Home' LOTL : June 2011 Contents 16 Lesbians On The Loose Magazine • lotl.com
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Aimee Said tackles issues of coming out and bullying in her
new novel Little Sister.
Growing up an avid reader, author Aimee Said has fond memories of trips to the local library as
a child and she cites her favourite present (then and now) as ‘ book vouchers”. Not surprising then
that she was to make a care er out of crafting fiction of her own...
Her fondest memories from childhood involve the whole family seated around the breakfa st table of a
Sunday morning , “My parents were reading the newspaper, my sister had the comics and I had a stack of
Little Golden Books. The room was silent except for the munching of toast and turning of pages – bliss...”
The first stor y she e ver remembers writing was in first grade. “I remember it clearly not because it was
well-written, (which it most certainly was not!) but because the class laughed when our teacher read it out
loud. It was my first ta ste of how satisfying entertaining people through writing could be.”
Still, Said says that she never rea lly entertained the thought of a writing career until long after she’d
finished university and was working for a publisher. “ That rekindled my desire to write but also made
me realise how many people were trying to get their novels published, compared to how few succeeded.
When I began writing my first novel in 2006 it was with no expectation that it would ever make it to print.
I still have to pinch myself when I see my name on the spine of a real-life book!”
Her first novel, Finding Freia Lockhart prove d successful with teen readers for its themes of friendship,
acceptance and identity and her follow up work Little Sister once ag ain tackles similar issues, however this
time Said has turned her focus on coming out and the plight of LGBTQ youth.
Pretty meaty issues for a teen novel... Still, artists are often considered to have a social responsibility to
not only create but educate, yet Said believes her first responsibility is to her readers, no matter the subject.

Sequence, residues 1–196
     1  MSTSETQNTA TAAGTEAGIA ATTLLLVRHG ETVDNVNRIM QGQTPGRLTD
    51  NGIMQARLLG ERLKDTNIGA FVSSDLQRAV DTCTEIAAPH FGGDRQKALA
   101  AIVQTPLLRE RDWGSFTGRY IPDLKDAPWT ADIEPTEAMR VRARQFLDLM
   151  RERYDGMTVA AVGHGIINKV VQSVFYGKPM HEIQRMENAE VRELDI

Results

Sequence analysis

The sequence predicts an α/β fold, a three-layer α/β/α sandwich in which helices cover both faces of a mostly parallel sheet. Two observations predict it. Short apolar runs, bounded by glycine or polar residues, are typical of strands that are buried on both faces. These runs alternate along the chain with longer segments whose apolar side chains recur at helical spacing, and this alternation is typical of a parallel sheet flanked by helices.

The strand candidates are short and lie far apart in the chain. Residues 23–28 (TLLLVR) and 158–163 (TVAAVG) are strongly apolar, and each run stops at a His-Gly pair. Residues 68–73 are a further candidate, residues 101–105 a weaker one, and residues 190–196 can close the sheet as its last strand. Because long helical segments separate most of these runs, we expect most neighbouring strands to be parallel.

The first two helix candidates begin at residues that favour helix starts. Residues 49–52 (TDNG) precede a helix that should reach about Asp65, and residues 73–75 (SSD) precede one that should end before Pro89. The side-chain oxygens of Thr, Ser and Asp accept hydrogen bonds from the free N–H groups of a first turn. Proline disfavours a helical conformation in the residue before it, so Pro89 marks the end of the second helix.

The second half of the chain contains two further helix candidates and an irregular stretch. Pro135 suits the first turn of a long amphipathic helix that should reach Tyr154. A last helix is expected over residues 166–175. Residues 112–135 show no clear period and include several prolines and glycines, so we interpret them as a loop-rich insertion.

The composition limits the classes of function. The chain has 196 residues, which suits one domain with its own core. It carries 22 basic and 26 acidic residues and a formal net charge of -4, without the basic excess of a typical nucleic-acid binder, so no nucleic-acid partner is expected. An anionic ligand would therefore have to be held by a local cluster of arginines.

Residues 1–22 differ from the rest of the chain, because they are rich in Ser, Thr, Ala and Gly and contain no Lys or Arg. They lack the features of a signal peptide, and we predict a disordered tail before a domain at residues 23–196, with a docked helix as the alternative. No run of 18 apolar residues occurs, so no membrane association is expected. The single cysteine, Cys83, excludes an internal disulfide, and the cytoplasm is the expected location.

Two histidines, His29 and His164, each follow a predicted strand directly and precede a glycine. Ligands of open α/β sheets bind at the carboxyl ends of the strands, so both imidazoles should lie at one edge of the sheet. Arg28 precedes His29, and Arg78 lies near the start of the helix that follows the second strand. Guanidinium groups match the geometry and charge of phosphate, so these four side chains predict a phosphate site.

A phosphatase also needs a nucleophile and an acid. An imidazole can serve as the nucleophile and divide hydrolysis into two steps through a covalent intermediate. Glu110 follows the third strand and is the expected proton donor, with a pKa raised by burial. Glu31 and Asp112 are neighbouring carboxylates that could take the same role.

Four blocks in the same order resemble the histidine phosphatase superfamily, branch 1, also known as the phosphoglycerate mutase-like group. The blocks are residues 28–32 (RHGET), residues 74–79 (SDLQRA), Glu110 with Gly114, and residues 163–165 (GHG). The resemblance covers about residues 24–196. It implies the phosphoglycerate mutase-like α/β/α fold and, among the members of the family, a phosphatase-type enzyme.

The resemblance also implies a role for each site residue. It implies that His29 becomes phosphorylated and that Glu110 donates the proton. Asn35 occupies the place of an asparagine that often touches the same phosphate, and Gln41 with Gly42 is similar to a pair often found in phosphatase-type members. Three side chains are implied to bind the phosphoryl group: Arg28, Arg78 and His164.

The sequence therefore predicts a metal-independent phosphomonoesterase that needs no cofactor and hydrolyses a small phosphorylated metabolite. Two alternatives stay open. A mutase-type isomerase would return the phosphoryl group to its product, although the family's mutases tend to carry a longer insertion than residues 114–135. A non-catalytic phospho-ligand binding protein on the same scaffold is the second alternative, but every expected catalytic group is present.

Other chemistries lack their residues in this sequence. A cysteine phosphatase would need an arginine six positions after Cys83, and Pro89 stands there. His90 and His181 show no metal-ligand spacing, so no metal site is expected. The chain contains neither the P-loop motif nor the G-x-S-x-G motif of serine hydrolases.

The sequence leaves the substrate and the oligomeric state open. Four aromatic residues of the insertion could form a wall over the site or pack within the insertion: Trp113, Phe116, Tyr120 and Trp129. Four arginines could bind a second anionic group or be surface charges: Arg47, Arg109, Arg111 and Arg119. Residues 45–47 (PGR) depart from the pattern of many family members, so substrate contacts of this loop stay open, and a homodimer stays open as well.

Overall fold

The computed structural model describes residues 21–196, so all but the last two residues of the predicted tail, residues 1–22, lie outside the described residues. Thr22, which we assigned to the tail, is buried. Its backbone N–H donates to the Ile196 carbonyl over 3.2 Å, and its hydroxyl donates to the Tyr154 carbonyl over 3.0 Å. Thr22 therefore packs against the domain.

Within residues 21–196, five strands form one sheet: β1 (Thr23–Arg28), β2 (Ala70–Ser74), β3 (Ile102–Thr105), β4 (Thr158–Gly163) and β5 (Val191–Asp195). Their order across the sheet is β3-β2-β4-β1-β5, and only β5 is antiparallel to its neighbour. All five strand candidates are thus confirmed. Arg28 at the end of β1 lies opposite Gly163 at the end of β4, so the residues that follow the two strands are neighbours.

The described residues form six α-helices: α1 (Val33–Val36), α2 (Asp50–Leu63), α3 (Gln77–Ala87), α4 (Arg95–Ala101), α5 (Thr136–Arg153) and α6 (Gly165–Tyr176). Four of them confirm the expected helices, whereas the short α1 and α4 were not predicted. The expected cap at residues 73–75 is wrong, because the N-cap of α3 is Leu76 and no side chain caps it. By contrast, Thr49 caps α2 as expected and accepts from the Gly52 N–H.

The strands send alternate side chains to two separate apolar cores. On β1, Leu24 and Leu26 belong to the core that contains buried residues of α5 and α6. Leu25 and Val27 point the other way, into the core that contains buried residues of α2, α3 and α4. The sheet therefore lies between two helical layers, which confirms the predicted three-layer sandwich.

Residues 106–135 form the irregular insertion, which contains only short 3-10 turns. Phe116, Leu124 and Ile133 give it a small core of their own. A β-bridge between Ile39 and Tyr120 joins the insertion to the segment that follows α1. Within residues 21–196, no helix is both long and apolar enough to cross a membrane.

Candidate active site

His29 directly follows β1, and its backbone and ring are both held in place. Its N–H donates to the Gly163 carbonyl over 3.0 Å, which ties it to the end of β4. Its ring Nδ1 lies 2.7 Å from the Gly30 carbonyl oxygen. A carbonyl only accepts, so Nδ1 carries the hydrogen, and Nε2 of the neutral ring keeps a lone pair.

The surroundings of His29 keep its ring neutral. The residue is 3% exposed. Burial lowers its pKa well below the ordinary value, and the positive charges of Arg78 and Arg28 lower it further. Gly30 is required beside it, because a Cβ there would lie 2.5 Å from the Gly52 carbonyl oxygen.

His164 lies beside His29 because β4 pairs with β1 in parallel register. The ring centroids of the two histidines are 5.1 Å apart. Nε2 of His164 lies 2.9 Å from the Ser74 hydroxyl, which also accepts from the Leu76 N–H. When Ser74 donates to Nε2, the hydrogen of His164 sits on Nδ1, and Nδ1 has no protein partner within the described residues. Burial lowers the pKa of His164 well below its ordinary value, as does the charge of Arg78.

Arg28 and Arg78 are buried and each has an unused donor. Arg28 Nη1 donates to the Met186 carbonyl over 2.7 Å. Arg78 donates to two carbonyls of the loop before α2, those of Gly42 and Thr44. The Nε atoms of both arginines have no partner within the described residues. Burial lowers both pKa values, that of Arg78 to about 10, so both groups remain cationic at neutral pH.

“I don’t deliberately write ‘issues’ books; my subject matter reflects my own concerns and interests. I
don’t feel any duty to write about these thing s or to present a cer tain view of them, but I do hope that
my books get readers thinking about their feelings and reactions to what the characters are g oing
through. One thing I am conscious of is tr ying to end my books on a positive note – I want my read-
ers to be left feeling optimistic about life’s possibilities, not despondent.”
Said says her inspiration to tackle issues of homophobia and coming out within the plot of Little
Sister were inspire d by her own sister. “When my older sister wa s in Year 12, I couldn’t ma ke a sound
in my bedroom without her complaining ! In comparison to that drama, her coming out a couple of
years later was pretty uneventful, for me anyway.” But she acknowledges that “it wasn’t hard to imag -
ine how thing s might have been different, espe cially for someone who’s still at school”.
“You only have to watch the news or read the paper to know that bullying is a huge problem, par-
ticularly for same-sex attracted young people....Presenting these issues in fiction is one way to begin
eng aging about them.
“For me, the main messa ge of the book is that you shouldn’t be afra id to stand up for what you
believe in. It’s an a ge-old problem that we play silent witness to people being treated badly because we
don’t want that negative attention to turn on us, but unless we stand up to bullies – at school, in the
workplace, on the bus, wherever we see it – things will never change.”
Aimee Said’s novel Little Sister is out now.
Come out, come out
wherever you are...
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